For those who condemn Notre Dame’s high academic standards as archaic and what separates the Irish from being a consistent national title contender in this day and age, VanGorder offers that it’s the high intelligence that allows such a young defense to absorb so many and such complicated concepts that are a part of VanGorder’s NFL-esque scheme.
“Our mission is for you to prepare for us like we prepare for some of these offenses,” VanGorder said. “We want you to work. If you looked at our inventory going into a game, you would just be shocked at what these kids are doing. I mean it is impressive.
“I never anticipated or pictured that they’d be where they are, taking on so many multiple looks — and pressures and coverages. We don’t always do it from an execution standpoint the way we want it, but it’ll keep getting better.”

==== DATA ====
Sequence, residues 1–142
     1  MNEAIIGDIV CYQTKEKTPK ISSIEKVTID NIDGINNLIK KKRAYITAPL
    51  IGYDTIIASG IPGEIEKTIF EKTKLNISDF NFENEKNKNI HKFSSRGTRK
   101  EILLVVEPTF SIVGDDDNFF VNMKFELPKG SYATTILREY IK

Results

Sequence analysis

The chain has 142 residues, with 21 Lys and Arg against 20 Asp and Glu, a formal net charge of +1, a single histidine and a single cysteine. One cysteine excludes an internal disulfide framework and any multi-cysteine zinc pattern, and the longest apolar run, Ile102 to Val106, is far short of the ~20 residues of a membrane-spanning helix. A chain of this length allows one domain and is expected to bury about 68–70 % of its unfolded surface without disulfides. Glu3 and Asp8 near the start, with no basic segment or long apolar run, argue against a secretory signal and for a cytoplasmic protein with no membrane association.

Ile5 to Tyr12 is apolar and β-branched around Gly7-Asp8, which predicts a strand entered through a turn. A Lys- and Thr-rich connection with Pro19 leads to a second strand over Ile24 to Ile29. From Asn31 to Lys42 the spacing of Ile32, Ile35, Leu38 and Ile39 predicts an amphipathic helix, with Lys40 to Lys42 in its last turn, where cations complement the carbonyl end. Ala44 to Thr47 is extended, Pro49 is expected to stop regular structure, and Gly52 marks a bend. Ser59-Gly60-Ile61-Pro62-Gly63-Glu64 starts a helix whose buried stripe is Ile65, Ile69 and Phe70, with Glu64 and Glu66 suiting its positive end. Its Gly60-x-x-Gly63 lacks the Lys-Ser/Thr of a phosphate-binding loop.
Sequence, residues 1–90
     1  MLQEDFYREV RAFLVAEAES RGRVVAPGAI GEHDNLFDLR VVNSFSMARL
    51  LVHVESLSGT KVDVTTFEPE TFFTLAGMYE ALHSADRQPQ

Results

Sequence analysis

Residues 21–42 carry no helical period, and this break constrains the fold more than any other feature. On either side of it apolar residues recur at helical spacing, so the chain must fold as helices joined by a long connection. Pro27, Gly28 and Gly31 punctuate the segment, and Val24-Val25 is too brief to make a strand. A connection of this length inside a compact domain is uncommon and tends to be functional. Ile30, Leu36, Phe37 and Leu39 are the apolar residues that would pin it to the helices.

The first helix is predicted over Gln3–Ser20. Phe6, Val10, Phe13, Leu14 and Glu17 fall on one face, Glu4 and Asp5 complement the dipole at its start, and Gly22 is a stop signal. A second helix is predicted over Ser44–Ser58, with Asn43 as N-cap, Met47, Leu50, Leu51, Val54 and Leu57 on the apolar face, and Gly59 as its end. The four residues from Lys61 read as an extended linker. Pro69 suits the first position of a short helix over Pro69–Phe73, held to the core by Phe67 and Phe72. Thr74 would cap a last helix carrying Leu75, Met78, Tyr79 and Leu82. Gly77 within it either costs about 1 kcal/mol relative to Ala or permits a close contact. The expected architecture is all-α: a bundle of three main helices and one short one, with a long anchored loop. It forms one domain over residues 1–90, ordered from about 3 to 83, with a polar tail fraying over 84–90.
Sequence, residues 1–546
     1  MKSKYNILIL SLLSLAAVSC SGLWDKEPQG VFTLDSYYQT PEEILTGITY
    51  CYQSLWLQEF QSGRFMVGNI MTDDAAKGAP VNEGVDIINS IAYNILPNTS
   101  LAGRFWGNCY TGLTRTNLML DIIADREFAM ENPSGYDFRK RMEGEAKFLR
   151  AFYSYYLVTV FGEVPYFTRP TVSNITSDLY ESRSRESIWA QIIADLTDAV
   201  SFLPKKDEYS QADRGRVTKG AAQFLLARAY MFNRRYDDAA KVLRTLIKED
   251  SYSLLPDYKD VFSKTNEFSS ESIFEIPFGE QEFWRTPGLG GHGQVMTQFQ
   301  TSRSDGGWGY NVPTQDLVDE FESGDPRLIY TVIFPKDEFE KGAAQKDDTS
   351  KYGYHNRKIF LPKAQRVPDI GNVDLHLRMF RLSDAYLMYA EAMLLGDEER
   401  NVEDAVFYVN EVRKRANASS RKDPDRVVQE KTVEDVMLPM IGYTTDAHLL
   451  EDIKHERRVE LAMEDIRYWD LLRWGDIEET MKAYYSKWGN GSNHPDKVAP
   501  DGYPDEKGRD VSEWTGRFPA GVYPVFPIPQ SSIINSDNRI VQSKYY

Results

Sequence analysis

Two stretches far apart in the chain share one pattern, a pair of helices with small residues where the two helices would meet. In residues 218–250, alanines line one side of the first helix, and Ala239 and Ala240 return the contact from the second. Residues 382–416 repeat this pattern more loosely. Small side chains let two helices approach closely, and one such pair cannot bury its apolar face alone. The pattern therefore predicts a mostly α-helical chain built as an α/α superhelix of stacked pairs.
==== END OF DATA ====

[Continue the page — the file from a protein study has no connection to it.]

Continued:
The future, the near future, resumes this weekend, when the Irish players report back to campus from fall break and get ready for Navy (3-4), a team that pushed them all the way through the fourth quarter before falling 38-34. The teams meet Nov. 1 in prime time (8 EDT, CBS-TV) at Landover, Md.
It’s been 10 years since VanGorder has faced a triple-option team, his first game after winning the 2003 Broyles Award as the nation’s top assistant coach.
VanGorder was coaching in the SEC at the time, under Georgia head coach Mark Richt. The Bulldogs opened the 2004 season with option-heavy Georgia Southern (a team he would serve as the head coach of 12 years later).
“I’ll never forget. We thought we had the game pretty much in hand, and we took our starters out,” VanGorder said. “And then I remember they ran the fullback for like a 50-yard run and ended up scoring.
“And we turned it over at like midfield, and then they ran the fullback for a touchdown. So we ended up putting our starters back in late in the fourth quarter. Everybody’s got to be detailed and it’s assignment football. And if you have a breakdown, it can be devastating.”
Georgia won, 48-28, and never allowed that many points in any game the remainder of a 10-2 season.